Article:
parents having bake sales, or car washes to raise money for civil
right workers, or volunteers who helped with voter registration in our
churches and homes. This work expands the TCRM to the present and
future. Some of these brave warriors worked at the elbow of icons, and
others were clearing new paths, all passing through history without
wide recognition. The beauty of this book is the implied notion that
there were–and still are--thousands, and thousands more, each doing
their bit to achieve social justice for all. Theory of Grace
introduces us to some new witnesses and new voices that most people
haven’t heard. It takes a giant step forward toward negotiating the
narrative of a continuum of time periods, making it a work of social
change. And like the narrative that it is, it writes a new chapter in
history; a new culture is born.

We cannot talk about TCRM without visiting earlier movements that
began planting seeds of hope and freedom: slavery, Reconstruction, Jim
Crow, the Great Migration, WWI, and WWII. Many of my interviewees:
Emma Bruce, John Canty, Andrea Lee, Ann Cole Lowe, and Virginia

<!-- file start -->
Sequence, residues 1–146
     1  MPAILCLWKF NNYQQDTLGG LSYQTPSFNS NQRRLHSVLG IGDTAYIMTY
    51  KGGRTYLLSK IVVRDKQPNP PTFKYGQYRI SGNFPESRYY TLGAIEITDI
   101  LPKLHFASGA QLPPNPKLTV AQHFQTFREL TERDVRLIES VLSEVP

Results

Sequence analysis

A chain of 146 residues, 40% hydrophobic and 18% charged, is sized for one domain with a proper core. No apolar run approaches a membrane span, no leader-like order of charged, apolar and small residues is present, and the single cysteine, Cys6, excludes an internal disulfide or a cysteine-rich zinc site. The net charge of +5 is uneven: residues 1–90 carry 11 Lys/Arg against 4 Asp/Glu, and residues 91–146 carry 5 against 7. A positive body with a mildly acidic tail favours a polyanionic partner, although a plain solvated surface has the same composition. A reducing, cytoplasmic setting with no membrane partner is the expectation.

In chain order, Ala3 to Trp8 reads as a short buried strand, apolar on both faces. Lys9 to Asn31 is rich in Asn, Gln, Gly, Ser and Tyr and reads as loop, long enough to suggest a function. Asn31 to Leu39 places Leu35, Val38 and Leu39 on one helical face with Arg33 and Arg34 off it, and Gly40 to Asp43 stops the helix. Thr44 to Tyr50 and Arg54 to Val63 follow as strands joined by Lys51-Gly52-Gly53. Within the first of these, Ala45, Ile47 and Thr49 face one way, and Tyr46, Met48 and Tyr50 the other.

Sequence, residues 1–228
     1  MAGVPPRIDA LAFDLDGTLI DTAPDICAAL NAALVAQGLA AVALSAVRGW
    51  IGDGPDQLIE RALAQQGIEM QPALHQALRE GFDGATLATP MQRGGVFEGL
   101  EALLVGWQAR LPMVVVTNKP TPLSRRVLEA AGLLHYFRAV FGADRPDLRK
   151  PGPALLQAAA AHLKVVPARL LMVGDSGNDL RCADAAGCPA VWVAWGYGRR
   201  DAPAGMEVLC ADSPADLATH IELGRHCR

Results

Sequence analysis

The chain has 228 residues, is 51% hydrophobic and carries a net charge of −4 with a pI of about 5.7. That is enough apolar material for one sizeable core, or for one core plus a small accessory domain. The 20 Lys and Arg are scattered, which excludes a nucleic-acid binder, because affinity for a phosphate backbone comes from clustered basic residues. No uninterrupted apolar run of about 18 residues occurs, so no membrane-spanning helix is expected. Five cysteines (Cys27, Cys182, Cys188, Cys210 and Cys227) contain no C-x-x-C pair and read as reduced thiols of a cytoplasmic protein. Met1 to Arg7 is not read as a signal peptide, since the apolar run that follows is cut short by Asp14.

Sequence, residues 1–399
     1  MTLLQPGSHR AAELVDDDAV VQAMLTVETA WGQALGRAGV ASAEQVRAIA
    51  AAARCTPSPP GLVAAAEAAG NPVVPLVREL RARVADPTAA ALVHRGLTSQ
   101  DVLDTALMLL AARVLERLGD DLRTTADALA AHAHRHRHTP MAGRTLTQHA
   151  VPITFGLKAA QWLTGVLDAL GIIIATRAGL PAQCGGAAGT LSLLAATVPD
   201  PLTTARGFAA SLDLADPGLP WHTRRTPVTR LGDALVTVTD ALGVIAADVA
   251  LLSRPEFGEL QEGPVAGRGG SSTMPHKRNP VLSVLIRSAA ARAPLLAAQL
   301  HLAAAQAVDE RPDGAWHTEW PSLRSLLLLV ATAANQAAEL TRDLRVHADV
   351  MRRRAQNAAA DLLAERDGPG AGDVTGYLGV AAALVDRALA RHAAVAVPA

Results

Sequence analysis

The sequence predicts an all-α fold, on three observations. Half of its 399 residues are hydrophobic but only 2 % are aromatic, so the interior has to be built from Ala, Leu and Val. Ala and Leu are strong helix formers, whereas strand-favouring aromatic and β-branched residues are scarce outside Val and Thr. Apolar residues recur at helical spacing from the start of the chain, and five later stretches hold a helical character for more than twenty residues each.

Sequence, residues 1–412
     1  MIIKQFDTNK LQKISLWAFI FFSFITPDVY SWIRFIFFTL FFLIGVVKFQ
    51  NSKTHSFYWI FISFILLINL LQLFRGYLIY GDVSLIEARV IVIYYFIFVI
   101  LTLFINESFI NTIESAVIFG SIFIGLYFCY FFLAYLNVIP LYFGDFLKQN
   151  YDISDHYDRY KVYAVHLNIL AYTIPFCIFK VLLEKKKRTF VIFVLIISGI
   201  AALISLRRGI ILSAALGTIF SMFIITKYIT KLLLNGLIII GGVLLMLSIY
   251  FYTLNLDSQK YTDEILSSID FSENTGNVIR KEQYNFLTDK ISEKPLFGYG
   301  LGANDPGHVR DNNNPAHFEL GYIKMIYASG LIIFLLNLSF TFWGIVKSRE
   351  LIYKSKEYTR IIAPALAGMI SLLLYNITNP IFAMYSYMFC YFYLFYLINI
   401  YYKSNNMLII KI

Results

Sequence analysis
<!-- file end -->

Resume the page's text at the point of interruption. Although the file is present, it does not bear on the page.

Blanche Franklin Moore, can trace their ancestry back to slavery,
which provides a direct chain of narrators. We will learn not only
about their contributions, but also about the extraordinary impact on
dozens of others. The book will view contemporary events, in all of
their catastrophic and challenging potential, through the lens of the
brave individuals who overcame equally extraordinary obstacles of the

Ethel Morgan Smith is the author of two books: From Whence Cometh My Help: The African American Community at Hollins College and Reflections of the Other: Being Black in Germany. She has also published in The New York Times, Callaloo, African American Review, and other national and international outlets.